BWW Reviews: Strawshop's BLACK COMEDY Brings Comedy Into the Light

Michael Patten and Brenda Joyner in
Black Comedy
Photo credit: John Ulman

When physical comedy is done well it can be a beautiful thing. I still marvel at a seven-minute bit David Hyde Pierce did with an ironing board on the show Frasier (seriously, go look it up). But good physical comedy is not easy. Fortunately for us the cast of Strawberry Theatre Workshop's production of "Black Comedy" are more than up to the task as they presented one of the funniest displays of physical comedy I've seen in town since "Boeing Boeing" a few years back.

In "Black Comedy" it's a big night for Brindsley (Richard Ngyuen Sloniker) who is having a wealthy art connoisseur around to take a look at his most recent piece and possibly make his career. Plus, his new fiancé Carol (Brenda Joyner) has invited her judgmental Father Col. Melkett (Michael Patten) around to meet Brindsley. So in order to impress them he has "borrowed" all of the nice furniture from his neighbor Harold's (Rob Burgess) apartment while he's away. But while preparing for the party the main fuse of the building has blown out, plunging them into utter darkness. If all that chaos weren't enough, Brindsley's other neighbor Miss Furnival (Emily Chisholm) has stumbled in seeking refuge, Harold has returned early prompting Brindsley to need to get the furniture switched back before the lights come back on and Brindsley's sexy ex-girlfriend Clea (Allison Strickland) has wandered in to try and get Brindsley back.

It's already a wonderful setup for a farce but what author Sir Peter Shaffer has done is set the show in the dark (so to speak). You see when the lights are on for the characters, the lights are out for the audience and when the lights are out for them they're on for us. So we have complete and full view of the brilliant physical comedy of people trying to maneuver through the pitch black with all of the above happening as well. At times you almost don't even care what the actors are saying as you're too busy watching the hilarious antics "in the dark".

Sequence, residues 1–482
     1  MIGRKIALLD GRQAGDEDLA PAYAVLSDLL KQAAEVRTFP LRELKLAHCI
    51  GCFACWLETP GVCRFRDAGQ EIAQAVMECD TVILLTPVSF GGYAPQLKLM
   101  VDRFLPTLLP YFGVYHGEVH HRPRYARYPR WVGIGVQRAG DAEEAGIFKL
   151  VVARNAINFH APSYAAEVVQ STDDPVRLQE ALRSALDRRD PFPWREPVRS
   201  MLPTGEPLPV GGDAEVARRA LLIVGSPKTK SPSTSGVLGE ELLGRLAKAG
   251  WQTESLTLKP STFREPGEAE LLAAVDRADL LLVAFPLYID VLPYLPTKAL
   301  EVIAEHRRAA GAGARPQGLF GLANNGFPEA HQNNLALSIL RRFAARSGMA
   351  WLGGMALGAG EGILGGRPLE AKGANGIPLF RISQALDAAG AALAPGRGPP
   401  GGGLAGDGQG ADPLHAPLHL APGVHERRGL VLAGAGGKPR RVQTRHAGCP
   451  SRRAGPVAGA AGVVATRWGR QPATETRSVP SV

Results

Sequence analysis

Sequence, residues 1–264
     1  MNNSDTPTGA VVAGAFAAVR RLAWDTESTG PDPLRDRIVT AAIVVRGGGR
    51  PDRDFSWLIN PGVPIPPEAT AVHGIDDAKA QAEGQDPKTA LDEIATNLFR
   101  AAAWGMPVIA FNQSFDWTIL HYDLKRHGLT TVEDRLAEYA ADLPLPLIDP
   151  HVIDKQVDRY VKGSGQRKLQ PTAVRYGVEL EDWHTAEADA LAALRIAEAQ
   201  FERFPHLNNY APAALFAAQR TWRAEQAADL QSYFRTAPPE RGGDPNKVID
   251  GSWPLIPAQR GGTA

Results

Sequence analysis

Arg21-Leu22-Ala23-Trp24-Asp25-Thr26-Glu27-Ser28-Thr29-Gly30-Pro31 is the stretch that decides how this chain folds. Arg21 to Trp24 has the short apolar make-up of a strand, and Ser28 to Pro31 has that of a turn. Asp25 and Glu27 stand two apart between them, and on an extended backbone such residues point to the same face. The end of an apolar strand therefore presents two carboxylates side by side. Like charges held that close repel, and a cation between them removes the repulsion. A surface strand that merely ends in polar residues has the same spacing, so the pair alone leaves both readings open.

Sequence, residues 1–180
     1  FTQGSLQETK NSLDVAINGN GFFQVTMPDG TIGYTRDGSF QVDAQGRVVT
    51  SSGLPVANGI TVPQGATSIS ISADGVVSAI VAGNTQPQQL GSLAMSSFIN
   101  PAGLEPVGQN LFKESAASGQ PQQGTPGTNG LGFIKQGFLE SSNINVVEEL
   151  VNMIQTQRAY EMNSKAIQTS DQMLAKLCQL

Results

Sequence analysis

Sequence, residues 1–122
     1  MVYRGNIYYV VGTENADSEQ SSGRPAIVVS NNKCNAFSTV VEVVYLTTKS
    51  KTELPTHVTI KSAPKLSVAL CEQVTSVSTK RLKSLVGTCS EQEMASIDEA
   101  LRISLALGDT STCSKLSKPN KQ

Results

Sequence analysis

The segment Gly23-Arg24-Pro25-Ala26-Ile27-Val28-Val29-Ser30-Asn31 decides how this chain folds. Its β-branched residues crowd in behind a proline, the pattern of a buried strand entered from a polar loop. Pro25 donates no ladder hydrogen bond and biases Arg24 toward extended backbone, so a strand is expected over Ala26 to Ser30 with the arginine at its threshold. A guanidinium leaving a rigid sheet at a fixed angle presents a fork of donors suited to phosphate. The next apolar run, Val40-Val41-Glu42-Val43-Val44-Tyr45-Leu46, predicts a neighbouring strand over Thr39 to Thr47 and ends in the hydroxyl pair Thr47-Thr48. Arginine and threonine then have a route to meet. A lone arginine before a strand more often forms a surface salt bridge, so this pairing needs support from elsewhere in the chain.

Michael Patten and Richard Nguyen Sloniker in
Black Comedy
Photo credit: John Ulman

Director Kelly Kitchens has not only assembled a stunning ensemble but also managed to direct them with spot on timing and movement and in such a way that we completely buy that they can't see a thing (even though they obviously can). And did I mention that stunning ensemble? Sloniker, who already showed off his physical comedy prowess in the aforementioned "Boeing Boeing", shows off what he can really do when put to the task as he manages some truly astounding physical bits. But they all do. Joyner is delightful as the bubbly fiancé trying to hold it all together. Patten is hysterical as the uptight Colonel and his "in the dark" facial expressions and double takes are priceless. Burgess and Chisholm each brings in their own ample laughs as the two quirky neighbors caught in the storm. Strickland adds in some deliciously devilish bumps in the road for Brindsley not to mention that perfect air of the naughty 60's bedroom farce. And MJ Sieber pops in for a few brief moments of absolute comedy gold as the power company worker sent to fix the issue. If all of that weren't enough (and it is more than enough) Strawshop also gives us a little short before the main feature as they also present one of David Ives' brilliant bits from "All in the Timing" called "Sure Thing" wonderfully portrayed by Strickland, Sieber and Patten.

Take all those elements, and shake vigorously and what you have is one of the funniest and visibly hardest working shows I've seen in awhile all mixed up into a delectable cocktail of comedy. If you like to laugh then I say do not miss this one. Which is why I'm giving it a WOW with my three letter rating system (the highest rating I have). You really don't want to miss what happens in the dark.

"Black Comedy" from Strawberry Theatre Workshop performs at the Erickson Theatre through September 20th. For tickets or information visit them online at

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From This Author Jay Irwin


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